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RV Tax in Pima County rankles visitors and park operators alike

December 15, 1997

TUCSON, Ariz. (AP) _ Like other parts of the Southwest, Pima County is a magnet for legions of snowbirds fleeing the ravages of winter.

And while they read about the snow and cold back home, the people who winter here in their recreational vehicles contribute to the local economy through their food, gas, entertainment and hookup fees.

But this winter Pima County is asking for even more of a contribution: a 50 cents-per-night tax on recreational vehicles, intended to help pay for a baseball spring training complex in Tucson.

Like many other snowbirds, Sidney George of Wausau, Wis., is less than thrilled.

``We’re these people’s bread and butter. We spend millions of dollars down here,″ George said. ``And then we come down here and find out that they’ve taxed us.

``As far as I’m concerned, it’s tax without representation,″ the retired mail carrier said.

He isn’t alone in his displeasure. Some RV park owners say the tax is hurting their business, especially because there are lots of other places snowbirds can spend the winter. The Arizona Travel Parks Association has filed a lawsuit challenging the tax.

A number of RV-related magazines have publicized the tax, which RV park owners pass on to snowbirds in the form of higher rates. Word of mouth is spreading the news as well.

``We’ve heard from many, many people who are upset about it,″ said Virginia Bauman, a spokeswoman for the Cincinnati-based Family Motor Coach Association.

Bauman said she’s heard of no other state or local government with such a tax.

Some RV park owners say the tax already is hurting business, while others worry that unhappy tenants won’t return next year.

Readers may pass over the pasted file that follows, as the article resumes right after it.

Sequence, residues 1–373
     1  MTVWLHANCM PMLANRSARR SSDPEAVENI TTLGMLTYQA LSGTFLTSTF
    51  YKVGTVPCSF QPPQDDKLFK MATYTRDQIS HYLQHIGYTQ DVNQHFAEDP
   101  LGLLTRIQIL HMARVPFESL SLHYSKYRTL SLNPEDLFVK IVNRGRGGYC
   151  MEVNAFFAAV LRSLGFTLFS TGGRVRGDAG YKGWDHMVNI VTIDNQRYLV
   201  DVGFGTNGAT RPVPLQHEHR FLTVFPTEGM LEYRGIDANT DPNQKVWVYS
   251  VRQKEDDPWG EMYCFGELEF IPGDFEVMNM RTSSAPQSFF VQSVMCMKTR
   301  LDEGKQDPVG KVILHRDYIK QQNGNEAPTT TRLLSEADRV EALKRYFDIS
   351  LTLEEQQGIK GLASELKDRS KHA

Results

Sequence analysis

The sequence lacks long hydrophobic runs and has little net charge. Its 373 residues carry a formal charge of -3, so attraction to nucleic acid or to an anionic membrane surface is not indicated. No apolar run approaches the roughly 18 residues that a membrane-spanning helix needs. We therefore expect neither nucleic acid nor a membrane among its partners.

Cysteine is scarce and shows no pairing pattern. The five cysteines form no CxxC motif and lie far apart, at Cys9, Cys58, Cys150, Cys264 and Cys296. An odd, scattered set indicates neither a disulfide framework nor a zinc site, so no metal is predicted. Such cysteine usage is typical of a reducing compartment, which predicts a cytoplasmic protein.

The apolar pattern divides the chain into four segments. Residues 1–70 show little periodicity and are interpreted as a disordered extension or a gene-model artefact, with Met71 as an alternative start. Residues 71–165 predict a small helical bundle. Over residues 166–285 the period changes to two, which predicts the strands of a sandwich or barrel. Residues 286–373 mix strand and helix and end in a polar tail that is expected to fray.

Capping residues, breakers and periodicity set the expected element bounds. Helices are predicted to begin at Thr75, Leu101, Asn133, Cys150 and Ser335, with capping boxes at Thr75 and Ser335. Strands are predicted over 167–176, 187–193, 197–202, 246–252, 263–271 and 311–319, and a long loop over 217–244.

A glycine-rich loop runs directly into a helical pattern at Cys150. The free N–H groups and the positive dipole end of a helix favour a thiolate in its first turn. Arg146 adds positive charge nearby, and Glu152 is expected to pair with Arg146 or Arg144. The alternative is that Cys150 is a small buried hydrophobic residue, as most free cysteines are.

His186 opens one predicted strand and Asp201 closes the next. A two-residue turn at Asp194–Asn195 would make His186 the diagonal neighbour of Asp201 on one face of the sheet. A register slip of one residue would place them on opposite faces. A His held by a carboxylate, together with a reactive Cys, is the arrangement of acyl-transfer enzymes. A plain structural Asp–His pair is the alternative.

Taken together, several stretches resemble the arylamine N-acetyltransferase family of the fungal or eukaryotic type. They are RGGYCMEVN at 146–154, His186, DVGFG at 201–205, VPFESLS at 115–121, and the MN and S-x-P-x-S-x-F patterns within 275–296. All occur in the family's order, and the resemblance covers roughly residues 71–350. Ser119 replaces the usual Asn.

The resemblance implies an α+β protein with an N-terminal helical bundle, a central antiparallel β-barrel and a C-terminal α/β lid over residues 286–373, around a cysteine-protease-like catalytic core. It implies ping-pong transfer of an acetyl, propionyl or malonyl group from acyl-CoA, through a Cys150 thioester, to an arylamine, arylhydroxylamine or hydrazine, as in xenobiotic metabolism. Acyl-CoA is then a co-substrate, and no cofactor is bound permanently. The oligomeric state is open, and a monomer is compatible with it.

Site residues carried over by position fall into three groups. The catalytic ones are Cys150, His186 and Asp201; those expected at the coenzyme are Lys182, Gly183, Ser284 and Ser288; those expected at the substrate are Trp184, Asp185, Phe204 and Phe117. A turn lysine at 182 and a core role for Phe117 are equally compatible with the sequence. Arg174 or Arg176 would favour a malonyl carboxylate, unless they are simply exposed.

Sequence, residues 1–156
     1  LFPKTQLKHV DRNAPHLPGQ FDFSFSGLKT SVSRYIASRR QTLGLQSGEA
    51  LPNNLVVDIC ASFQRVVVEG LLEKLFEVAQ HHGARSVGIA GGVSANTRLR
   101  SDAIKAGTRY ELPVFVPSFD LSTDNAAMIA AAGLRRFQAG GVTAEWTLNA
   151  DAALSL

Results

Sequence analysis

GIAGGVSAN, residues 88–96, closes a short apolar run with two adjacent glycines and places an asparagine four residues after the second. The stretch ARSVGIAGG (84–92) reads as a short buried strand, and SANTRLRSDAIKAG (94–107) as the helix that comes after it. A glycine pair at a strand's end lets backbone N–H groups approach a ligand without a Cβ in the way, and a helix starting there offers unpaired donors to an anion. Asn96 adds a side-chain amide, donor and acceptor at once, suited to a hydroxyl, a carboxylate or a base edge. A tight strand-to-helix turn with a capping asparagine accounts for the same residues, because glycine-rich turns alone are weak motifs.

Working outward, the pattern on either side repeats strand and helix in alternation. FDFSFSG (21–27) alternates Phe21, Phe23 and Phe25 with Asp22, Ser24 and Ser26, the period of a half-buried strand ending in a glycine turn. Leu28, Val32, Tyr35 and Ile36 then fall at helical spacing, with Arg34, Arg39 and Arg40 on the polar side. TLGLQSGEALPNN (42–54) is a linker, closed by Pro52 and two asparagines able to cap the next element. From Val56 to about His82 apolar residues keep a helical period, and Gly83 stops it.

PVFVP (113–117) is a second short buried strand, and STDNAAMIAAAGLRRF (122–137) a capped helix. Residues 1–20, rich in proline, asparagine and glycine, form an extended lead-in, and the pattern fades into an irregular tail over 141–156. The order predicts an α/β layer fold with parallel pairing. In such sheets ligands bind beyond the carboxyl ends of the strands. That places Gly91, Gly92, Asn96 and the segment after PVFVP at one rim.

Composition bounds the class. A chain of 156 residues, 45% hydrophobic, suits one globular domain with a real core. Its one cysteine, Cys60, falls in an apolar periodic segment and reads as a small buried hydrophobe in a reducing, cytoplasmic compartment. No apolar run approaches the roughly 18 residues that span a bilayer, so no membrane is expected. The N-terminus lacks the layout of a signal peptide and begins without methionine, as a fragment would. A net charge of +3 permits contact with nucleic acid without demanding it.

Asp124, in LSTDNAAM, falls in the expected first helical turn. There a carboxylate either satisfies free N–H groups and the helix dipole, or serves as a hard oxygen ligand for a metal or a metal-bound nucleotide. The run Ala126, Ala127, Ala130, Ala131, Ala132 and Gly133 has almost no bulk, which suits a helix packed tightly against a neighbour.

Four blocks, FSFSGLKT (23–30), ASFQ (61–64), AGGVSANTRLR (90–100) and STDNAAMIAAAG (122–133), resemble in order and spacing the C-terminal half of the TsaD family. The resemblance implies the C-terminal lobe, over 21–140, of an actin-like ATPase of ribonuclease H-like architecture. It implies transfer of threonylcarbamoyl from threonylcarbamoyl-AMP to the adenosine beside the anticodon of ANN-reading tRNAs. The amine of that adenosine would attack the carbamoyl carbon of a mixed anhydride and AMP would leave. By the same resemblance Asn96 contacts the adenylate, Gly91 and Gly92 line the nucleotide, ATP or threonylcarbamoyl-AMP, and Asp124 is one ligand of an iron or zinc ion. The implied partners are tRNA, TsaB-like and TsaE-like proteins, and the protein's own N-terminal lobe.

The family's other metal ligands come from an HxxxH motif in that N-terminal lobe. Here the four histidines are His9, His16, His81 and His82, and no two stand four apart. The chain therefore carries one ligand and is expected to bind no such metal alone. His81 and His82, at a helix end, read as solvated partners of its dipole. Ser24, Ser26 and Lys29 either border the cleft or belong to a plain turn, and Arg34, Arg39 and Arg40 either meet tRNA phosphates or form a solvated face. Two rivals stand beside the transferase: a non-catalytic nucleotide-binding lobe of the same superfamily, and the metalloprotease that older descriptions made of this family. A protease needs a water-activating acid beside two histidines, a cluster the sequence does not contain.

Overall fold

``RV travelers are mad,″ said Judy Bratton, owner of the Whispering Palms park on Tucson’s northwest side.

Bratton’s mad as well, especially when she talks about her business. Of the park’s 75 weekly and monthly slots, 37 were vacant last week _ far higher than normal for the time of season.

``Somebody’s dipping in my pocketbook, and I don’t like it,″ she said. ``I have no other way to make my living.″

Operators of some larger parks, such as Ike Isaacson’s Voyager RV Resort, said they have not been as affected because a large number of their spaces are dedicated to year-round hookups.

``We’re not going to be affected as much this year because they paid in advance,″ Isaacson said. ``Next year it’s going to kill us. ... We’re going to lose a lot of those people.″

George confirms the fears of Bratton and others; he says he’s going someplace else next year. Meanwhile, Gus Christiansen of Rochester, Minn., said he’s out of here when his one-month space rental ends.

``I’m moving on to Yuma or some other place _ Las Vegas, somewhere,″ Christiansen said.

Pima County’s supervisors enacted the tax this year on RVs parked at commercial locations to help pay for the $35 million Tucson Electric Ballpark and major league baseball spring training complex under construction on the south side. The Chicago White Sox and Arizona Diamondbacks will use the facility.

The tax, authorized by the Arizona Legislature, was expected to raise $875,000 a year, but Martin Willett, the county’s deputy administrator, said it looks like this year’s take will be closer to $600,000. Maricopa County uses a sales tax to help finance Cactus League operations for its seven major league teams.

Pima County officials insist the tax isn’t an attempt to build the complex without taxing voters.

``Nobody set out to hit an easy target,″ Willett said. ``We’ve got a beer tax, a cigarette tax, a property tax, a transaction business tax, a vehicle license tax; there are lots of taxes. We hit all the uneasy ones too. In fact, long before there was an RV tax, for years there’s been a (hotel) bed tax. That’s a major source of revenue in our state.″

Jack Foster, a winter visitor from Chicago, has a hard time believing that.

``It’s great for the locals because somebody else pays for it,″ Foster said.

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